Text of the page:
YOU COULD TAKE Eleanor Roosevelt, Lady Bird Johnson, Rosalynn Carter -- toss in Edith Wilson -- roll them into one, and still not equal the presidential wife power of Abigail Adams, the prototype of the first lady as a political partner. Almost 200 years ago, the wife of our second president and mother of our sixth (the only woman in history doubly blessed) advised her husband John Adams on the issues, championed his career, chastised his enemies and managed his finances. John Adams relied heavily on her opinion. "I never wanted your Advice and assistance more in my Life," he wrote after his inauguration in 1797. Her son, John Quincy Adams, whom she trained for public service, said his mother's life "gave the lie to every libel on her sex that was ever written." Thomas Jefferson pronounced her "one of the most estimable characters on earth," and now historian Charles Akers, author of this new biography which draws from 1,000 letters in the recently opened Adams family papers, concludes that she was "the nation's best informed woman on public affairs."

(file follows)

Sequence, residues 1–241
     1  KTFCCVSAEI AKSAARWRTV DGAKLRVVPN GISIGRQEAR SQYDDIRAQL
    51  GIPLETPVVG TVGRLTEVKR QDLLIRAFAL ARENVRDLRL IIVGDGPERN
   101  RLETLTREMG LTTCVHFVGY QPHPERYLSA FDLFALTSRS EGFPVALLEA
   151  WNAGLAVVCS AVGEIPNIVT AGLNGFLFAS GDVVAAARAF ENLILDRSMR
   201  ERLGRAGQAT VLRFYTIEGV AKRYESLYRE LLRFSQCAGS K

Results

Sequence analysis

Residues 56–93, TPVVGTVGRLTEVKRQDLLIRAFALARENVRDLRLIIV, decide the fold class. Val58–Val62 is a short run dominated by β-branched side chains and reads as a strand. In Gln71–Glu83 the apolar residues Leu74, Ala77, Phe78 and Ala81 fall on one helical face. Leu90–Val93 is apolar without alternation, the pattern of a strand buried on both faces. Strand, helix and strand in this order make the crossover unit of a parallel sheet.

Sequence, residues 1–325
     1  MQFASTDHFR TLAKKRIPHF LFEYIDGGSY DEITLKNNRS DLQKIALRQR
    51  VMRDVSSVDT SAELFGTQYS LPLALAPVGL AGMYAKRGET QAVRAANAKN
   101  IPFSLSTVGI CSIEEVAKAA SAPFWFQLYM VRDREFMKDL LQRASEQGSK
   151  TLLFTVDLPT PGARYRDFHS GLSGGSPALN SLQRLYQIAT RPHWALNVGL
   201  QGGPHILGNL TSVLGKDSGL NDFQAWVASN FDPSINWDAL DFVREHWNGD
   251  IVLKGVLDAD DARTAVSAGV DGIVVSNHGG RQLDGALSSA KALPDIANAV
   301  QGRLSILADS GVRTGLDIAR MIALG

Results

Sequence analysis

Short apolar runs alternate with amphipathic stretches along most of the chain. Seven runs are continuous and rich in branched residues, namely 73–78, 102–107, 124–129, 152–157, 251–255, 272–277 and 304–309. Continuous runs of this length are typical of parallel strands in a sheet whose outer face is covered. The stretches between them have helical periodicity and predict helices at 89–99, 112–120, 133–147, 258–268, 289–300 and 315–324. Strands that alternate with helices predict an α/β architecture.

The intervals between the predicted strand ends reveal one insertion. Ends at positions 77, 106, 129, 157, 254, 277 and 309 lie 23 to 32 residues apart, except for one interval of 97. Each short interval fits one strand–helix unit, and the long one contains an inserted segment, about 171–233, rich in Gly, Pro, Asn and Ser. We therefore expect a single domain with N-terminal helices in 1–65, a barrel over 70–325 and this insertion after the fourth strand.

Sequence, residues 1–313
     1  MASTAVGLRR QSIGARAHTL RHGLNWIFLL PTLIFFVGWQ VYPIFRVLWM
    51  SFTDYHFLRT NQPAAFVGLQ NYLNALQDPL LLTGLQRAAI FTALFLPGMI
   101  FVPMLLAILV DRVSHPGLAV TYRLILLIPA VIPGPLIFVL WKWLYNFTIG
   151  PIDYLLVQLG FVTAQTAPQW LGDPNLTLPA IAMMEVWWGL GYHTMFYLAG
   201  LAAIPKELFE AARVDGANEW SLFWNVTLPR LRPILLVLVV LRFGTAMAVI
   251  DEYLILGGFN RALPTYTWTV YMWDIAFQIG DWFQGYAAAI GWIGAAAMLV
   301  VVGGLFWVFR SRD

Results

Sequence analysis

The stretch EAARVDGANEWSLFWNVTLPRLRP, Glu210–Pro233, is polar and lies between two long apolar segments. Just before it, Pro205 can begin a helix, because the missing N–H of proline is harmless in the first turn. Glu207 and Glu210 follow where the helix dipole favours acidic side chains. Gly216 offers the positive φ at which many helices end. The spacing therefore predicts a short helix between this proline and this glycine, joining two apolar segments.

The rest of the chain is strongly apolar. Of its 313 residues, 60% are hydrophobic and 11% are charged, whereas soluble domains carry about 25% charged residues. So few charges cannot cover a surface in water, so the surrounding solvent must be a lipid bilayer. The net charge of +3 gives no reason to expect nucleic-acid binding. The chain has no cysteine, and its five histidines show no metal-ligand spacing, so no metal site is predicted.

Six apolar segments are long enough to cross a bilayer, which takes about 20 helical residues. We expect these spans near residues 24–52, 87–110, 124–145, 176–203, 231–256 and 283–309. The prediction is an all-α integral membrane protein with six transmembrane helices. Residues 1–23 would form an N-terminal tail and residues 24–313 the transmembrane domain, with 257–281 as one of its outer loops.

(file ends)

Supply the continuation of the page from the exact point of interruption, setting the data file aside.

Abigail Adams earned such accolades at a time women in Massachusetts could not vote, hold office or attend town meetings. She exerted her influence behind the scenes and through her many letters. "If I cannot be a voter . . . I will be a writer of votes," she declared in 1780 when she launched a campaign against John Hancock in his race to become first governor of Massachusetts. "If a woman does not hold the Reigns of Government, I see no reason for her not judging how they are conducted," she later said. And judge she did -- in hundreds of letters written to John Adams and to her circle of correspondents which included prominent Europeans and American statemen -- Thomas Jefferson among them. She was patriotic, articulate and tough -- an early hardliner towards England, ("The only alternative which every American thinks of," she wrote Catharine Macaulay, the English historian, in 1774, "is liberty or death") and later towards France. (The time has come, she wrote in 1798, to show the French that "we did not break from the shackels of our parent, to become slaves of our sister.")